Brother Ali’s life story is famously unconventional, and if nothing else, he most likely will always be the greatest black Albino Muslim hip-hop star from Minneapolis. The more crucial part of Ali’s life story is the fact that as he moved around Midwestern schools with his rather exceptional life circumstances, hip-hop was the only constant. Five years of success have proven that there is a place in the world for Brother Ali, and he has reached a peak: Us is his best album to date. It’s a pure joy from start to finish, perhaps the only album of the past year to provide that all-too-important role for music, and perhaps the first hip-hop album ever to provide that kind of release.
On Us, we have finally seen what happens when a generation raised on hip-hop grows up. More than just a dance-floor vehicle or a political soapbox, hip-hop has provided Brother Ali the kind of creative support upon which to base a remarkably loving album. There are several flashes of resentment on the album. (Where would hip-hop be without a little righteousness?) But the resentment Ali talks about—false assumptions, bad behavior, and bad taste—are universal, and they make the happy endings in his songs that much more deserved. Us is more personal than the more politically influenced Undisputed Truth, and its politics are best expressed by Chuck D. on the opening track “Brother and Sisters,” who calls Ali “a soldier in the war for love.”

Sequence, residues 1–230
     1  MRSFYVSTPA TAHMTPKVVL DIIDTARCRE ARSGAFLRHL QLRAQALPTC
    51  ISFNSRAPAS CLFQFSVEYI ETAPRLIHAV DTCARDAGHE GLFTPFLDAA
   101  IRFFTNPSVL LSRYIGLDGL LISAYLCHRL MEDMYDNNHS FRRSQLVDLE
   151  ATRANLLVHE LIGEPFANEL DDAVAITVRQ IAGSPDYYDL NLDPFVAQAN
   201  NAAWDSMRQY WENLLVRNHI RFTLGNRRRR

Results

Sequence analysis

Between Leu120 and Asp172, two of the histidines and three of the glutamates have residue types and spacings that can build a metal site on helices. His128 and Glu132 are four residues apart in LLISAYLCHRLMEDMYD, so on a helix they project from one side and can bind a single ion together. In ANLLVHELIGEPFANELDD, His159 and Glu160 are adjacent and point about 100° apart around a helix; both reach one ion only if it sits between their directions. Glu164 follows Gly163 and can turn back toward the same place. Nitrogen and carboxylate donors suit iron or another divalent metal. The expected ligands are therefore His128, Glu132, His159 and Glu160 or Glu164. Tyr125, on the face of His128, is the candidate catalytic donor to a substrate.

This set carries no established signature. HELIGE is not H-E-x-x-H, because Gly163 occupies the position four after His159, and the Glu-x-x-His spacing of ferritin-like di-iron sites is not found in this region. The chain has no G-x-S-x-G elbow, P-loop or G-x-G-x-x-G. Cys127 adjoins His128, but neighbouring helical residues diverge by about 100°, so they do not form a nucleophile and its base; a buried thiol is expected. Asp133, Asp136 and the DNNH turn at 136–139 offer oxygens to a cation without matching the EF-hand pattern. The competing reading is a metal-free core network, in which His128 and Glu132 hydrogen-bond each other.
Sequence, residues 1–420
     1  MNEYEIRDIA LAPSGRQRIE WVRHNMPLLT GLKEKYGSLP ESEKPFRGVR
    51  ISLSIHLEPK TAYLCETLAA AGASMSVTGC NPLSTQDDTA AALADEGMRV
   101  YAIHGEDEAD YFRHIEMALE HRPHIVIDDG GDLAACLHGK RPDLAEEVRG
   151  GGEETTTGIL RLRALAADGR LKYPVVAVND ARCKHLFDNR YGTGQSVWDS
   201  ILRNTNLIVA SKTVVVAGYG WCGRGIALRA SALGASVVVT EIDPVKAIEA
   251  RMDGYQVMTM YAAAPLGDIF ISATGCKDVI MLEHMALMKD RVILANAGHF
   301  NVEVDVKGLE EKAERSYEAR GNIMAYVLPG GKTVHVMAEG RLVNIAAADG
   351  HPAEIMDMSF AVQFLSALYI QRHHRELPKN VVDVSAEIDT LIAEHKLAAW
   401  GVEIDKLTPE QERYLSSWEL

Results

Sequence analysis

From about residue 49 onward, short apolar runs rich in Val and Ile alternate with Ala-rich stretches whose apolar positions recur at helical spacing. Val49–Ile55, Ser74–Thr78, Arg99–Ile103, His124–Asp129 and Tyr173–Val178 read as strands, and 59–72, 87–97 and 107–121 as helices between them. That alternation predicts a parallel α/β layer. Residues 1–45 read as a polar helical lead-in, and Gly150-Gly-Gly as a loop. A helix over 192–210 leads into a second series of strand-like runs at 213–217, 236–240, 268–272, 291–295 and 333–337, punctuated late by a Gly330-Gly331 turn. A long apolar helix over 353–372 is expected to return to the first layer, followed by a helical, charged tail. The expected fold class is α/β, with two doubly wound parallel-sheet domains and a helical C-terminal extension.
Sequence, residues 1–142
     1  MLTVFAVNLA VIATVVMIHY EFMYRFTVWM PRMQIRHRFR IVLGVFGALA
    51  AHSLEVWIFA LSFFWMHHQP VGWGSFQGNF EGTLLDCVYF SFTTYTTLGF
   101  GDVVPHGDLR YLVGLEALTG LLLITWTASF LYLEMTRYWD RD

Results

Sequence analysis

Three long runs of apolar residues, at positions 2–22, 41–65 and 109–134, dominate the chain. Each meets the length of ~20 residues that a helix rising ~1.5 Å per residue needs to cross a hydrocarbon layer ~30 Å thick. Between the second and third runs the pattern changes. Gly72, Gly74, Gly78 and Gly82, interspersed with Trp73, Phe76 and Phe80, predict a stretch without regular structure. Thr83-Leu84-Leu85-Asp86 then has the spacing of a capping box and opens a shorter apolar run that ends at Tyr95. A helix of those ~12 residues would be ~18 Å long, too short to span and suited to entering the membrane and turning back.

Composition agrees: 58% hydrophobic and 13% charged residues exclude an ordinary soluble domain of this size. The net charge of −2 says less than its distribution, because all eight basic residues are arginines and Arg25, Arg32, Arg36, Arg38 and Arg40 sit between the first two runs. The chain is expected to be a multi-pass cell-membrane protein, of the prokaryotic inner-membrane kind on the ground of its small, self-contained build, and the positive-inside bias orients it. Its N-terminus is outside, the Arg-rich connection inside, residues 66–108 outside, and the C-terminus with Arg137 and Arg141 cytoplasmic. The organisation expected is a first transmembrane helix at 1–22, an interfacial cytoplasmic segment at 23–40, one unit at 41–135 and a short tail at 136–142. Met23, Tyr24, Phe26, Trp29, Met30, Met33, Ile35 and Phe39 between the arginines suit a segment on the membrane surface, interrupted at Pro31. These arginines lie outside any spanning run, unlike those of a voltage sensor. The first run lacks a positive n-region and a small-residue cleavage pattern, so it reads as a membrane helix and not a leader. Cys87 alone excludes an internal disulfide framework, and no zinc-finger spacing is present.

Ali, both a lover and a fighter, never lets up, and the album survives both the most casual and the most intense listen. Normally, this kind of release in hip-hop is fleeting, simplistic, or better classified in another genre. Us is certainly infused with funk, soul and blues, but it’s an undeniably masterful execution of the kind of musical meter that’s always been essential to hip-hop, be it Afrika Bambaata or N.W.A. Brother Ali is literate, opinionated, but not particularly angry, nor does he feel the need to make his music cerebral.